In Search of Theater for Teen Actors…just my thoughts

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Okay, so where does director of faith-based theater go to research and find good material for H.S. students?

After piling through sketch and play sites and a few other resources, I am considering the following:

We need writers for high school aged actors (sketches and plays)… ones that will commit to writing the stories that matter to them! I need to write.

Today, high school people are more sophisticated and wiser (worldly-wise) than ever before. My experience, after being back in the classroom is this: They won’t do corny.  They won’t do obvious. They won’t do things that seem immature-childish scenarios, story-lines, sketches or plays.  “Not-ever-going-to-happen in my lifetime…” as one teen informed me.

They will do funny, if it’s truly funny. They will do serious work if they find it addressing a story that is true enough to be lived out by them or other teens around them.

They don’t mind being the messengers.  They will work. They will show up and rehearse.  They’ll open up their own stories for the telling.

I find it more than interesting that young adult fiction books (series)—read and enjoyed by teens—have become successful movies over the last several years: “The Fault In Our Stars” (John Green), “Divergent”, “The Hunger Games”.

I personally have been moved by these stories and movies. The characters are brave and courageous—heroes and heroines—in their living and in their dying. Also, interesting to note, is the futuristic reality of Divergent, Insurgent, Allegiant (Veronica Roth) and the Hunger Games Series (Suzanne Collins).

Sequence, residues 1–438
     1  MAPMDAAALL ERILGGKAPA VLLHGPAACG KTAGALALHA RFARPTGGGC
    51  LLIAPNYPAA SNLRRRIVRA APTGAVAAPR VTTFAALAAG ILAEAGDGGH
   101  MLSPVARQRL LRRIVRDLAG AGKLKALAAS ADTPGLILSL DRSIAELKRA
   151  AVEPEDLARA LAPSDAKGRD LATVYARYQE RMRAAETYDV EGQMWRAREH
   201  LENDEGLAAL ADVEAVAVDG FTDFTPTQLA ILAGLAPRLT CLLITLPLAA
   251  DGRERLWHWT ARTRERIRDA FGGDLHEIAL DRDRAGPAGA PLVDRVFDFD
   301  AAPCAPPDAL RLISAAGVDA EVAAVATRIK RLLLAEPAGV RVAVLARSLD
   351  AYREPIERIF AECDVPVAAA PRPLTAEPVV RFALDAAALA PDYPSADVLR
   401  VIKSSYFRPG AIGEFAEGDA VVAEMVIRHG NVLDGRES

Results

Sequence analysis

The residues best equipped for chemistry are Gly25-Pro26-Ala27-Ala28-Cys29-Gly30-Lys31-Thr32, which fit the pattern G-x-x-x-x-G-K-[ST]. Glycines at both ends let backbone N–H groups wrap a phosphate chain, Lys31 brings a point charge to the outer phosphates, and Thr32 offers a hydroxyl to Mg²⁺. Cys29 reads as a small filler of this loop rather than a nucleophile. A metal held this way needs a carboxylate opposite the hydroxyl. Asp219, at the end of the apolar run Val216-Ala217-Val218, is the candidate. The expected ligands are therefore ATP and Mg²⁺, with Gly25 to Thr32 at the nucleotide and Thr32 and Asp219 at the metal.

As a parent of a teen, a teacher and a theater arts director of teens, I am asking the question—“What is speaking so loudly to their hearts, minds and souls in these works?”… “How can I enter this dialogue and could I be a part of helping them tell the stories that matter to them?”

The best way to do this, if teens are in your life, is to ask questions and create an open dialogue. Ask them at a time when they are open. “When’s that?!  The door is always closed,” you might be thinking. I find some of the best time is in the car on the way home or to places, after dinner or a dinner-out time, the last moments of the day before they retire. Let them talk… tell their story. This is not your time to philosophize-criticize-moralize…interrupt. Simply listen and open your ears. Ask open-ended questions. And make sure you are ready for some questions to come back your way.

If you want to write for them, you must get inside their stories and find out what is hard, challenging, crazy, hopeful, joyous, important, etc., to them.

With their permission, hurry to your laptop, journal, yellow pad and write as many notes as you can remember…

And then when you get to the place of writing, ask them to be a part of the critique team.  They love that—critiquing us!

Call or write me about your thoughts on writing for teens… I’m all ears about this group of amazing people.

God bless your story and the teens in and around your life!

Melea

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